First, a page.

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How a Peer Advisory Group Can Help You Grow Your Business

One of the common characteristics of million-dollar businesses owned by women is that they take advantage of professional advisors. Beyond the obvious use of lawyers, accountants, and a board of directors, these women often belong to highly selective advisory groups. Women entrepreneurs form these peer advisory groups for the purpose of sharing expertise and finding solutions to significant business challenges.

A peer advisory group allows you to connect with women who deal with similar issues. Laurie Kahn, president of Media Staffing Network & All About Careers, says of her peer group in the Women Presidents’ Organization, "I find it very important to be able to meet and talk with other women who experience some of the same issues. Other friends may not understand what a business owner goes through in an average day.”

Members of the Women Presidents’ Organization (WPO), which serves women entrepreneurs of businesses that generate at least $2 million in gross annual sales, maintain that their peer advisory groups have helped them achieve greater business success through the processes of confirmation, collaboration, confidentiality, and connections. Here’s how:
  • Confirmation: A peer advisory group serves as your informal board of directors who listen, advise, and validate your experiences. Besides obtaining new business information, the benefits range from decreased isolation to fresh business strategies.
  • Collaboration: The group widens your circle of contacts across diverse backgrounds and industries. Business alliances may be forged with other members. The participants commonly see increased revenues in their businesses along with decreased costs.
  • Confidentiality: Members trade solutions while respecting trade secrets. They build strong bonds with other members and return to their respective work environments reenergized and revitalized.
  • Connections: Recently the president of BrightStar Healthcare, a WPO member, sold her first franchise to the daughter of another WPO member. This business sale is an excellent example of the connections made through peer advising and the impact on women and their businesses.

The CEO of Royal Coachman Worldwide, Amy Birnbaum, praises her WPO peer advisory group: “In the Women Presidents’ Organization, I have met and befriended some incredible women with amazing expertise who have advised me on business strategies and issues.”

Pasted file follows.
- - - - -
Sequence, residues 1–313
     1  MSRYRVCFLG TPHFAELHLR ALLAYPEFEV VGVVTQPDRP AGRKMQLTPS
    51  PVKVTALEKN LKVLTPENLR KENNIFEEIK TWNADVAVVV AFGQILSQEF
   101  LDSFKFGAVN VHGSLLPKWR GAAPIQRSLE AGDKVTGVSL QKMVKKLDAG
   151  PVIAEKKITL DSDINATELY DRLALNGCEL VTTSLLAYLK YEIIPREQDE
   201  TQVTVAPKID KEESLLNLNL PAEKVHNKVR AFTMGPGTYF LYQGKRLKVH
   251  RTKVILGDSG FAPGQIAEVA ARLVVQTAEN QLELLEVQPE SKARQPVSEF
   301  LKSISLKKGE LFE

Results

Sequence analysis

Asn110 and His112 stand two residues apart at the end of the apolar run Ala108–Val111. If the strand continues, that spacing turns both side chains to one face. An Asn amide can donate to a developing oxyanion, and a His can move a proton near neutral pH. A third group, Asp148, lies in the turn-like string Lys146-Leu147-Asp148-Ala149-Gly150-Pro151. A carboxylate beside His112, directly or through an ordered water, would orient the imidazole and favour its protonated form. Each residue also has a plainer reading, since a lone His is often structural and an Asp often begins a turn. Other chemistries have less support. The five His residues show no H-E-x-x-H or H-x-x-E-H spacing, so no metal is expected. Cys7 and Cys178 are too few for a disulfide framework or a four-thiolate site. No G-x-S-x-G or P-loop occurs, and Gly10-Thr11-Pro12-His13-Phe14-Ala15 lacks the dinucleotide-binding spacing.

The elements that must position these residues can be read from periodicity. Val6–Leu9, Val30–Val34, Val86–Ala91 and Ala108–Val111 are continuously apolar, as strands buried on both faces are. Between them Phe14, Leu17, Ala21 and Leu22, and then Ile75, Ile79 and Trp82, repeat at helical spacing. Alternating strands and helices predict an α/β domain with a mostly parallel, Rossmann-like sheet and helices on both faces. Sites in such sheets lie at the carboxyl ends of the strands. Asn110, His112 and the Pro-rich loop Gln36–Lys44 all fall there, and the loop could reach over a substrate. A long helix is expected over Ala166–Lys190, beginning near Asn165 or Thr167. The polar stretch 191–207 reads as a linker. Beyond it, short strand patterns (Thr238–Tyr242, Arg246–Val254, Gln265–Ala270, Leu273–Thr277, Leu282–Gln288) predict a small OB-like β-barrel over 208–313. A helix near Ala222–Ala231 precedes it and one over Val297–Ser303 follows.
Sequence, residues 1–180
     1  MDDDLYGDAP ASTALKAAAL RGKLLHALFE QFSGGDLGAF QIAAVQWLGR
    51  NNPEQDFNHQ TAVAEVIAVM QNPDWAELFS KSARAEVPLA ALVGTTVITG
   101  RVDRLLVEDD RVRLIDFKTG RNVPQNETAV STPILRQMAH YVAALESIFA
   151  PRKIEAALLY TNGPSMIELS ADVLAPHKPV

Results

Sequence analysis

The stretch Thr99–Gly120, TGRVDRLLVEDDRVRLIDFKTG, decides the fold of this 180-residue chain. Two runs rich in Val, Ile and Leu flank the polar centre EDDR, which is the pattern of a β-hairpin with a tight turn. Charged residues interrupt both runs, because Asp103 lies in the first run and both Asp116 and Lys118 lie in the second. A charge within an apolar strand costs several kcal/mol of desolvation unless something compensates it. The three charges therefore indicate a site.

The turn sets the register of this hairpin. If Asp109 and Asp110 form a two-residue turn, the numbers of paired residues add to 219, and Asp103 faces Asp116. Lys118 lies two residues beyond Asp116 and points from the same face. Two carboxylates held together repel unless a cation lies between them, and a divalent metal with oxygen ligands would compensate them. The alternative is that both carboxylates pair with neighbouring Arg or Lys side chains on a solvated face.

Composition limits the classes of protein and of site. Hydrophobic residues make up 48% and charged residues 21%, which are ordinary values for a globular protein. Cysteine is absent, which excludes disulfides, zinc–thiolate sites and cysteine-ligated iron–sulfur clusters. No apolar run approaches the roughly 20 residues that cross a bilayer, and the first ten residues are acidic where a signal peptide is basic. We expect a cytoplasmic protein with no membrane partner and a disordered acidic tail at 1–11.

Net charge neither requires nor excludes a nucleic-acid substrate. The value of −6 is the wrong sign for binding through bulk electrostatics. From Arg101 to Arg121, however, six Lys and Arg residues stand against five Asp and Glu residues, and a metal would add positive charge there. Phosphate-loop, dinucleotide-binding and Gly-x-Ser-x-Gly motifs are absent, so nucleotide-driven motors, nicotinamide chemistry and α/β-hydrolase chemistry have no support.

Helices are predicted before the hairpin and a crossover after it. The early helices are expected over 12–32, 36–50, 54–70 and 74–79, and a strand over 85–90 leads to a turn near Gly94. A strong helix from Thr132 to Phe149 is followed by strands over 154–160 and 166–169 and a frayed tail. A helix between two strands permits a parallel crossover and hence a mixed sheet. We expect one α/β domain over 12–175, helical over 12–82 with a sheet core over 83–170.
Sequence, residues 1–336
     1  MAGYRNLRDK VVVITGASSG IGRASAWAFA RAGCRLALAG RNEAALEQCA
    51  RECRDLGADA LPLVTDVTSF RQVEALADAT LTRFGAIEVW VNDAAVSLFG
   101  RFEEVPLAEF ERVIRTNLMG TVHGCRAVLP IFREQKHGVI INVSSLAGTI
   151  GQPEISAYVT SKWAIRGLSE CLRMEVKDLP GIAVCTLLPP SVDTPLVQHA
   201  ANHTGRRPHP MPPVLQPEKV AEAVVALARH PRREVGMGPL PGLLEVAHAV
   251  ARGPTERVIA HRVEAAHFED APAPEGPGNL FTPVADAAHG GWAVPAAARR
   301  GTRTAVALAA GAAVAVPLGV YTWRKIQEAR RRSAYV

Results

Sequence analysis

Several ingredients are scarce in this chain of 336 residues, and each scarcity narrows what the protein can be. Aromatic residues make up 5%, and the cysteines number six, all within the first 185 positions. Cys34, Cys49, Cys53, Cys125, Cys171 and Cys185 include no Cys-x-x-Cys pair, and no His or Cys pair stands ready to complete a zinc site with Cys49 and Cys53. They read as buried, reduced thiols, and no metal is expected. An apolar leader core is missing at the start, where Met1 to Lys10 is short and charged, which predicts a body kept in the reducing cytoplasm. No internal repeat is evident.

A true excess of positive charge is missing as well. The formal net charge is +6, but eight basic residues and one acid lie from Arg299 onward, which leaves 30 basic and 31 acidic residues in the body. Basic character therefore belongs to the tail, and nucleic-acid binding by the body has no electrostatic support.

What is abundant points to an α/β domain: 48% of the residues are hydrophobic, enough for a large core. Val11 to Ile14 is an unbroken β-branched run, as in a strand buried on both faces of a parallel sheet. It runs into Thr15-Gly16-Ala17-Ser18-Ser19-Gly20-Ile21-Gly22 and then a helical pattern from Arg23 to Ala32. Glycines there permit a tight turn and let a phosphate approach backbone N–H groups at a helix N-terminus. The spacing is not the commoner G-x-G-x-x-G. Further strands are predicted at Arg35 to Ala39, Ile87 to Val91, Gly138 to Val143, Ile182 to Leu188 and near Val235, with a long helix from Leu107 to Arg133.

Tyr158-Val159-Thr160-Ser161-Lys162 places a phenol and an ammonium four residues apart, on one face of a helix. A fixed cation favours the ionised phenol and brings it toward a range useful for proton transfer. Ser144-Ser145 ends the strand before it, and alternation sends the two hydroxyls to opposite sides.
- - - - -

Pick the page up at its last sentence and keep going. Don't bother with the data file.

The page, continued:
Here are some other key findings about the value of peer advisory groups:

  • Entrepreneurs learn faster and better from one another
    Within a peer advisory group, the primary goal is to bring out the group’s “genius.” Collaborative learning draws out the insight and wisdom of each individual participant, resulting in a mix of ideas that benefits the whole.
    Adult learning theory tells us that adults prefer to define for themselves what and when to learn, a concept I call “just-in-time learning.” In this type of learning, the learner decides for herself what skills and knowledge she needs to strengthen and when she needs to accomplish it. Research by the Edward Lowe Foundation (www.edwardlowe.org), an organization that helps entrepreneurs navigate second-stage growth through retreats and online forums, indicates that entrepreneurs learn faster and better when they learn from one another.
  • A willingness to be open and honest is essential
    The effectiveness of the group is entirely dependent on the participants’ willingness to share. Only when people are open about discussing their finances and other sensitive issues will the group benefit the most.

    Negativity and criticism of the ideas of others is unacceptable and counterproductive to the learning process. The opportunity to come out of a peer group experience with the best new ideas is only possible when the group leadership ensures that no one will be criticized or treated unprofessionally.

    The most effective learning experiences come about as a result of relationships forged within a bonded group. Bonding is the strongest when members have respect for each other and have the patience and understanding to really listen. A feeling of closeness and identity with one another are hallmarks of effective peer advisory groups. Having fun together is important to bonding and could mean a celebration, going out to dinner, or just sharing a story and a good laugh.
  • You’ll benefit by seeking out peers outside your own industry
    Finding the right peer advisory group for your needs can be difficult. Most entrepreneurs join professional organizations and attend conferences within their own industries, but keep in mind that a peer advisory group should include members from noncompeting industries. Check out the Web for focus groups and professional organizations that sponsor advisory groups of 8-20 members from various industries and backgrounds. Another source is the Directory of Women’s Associations, a resource that lists network groups of interest to women. You’ll find that there is no substitute for developing bonds with your peers across industries.

Are you looking for help in your business? Check out this AMA webinar to help create better relationships which will allow you to accomplish more and grow your business.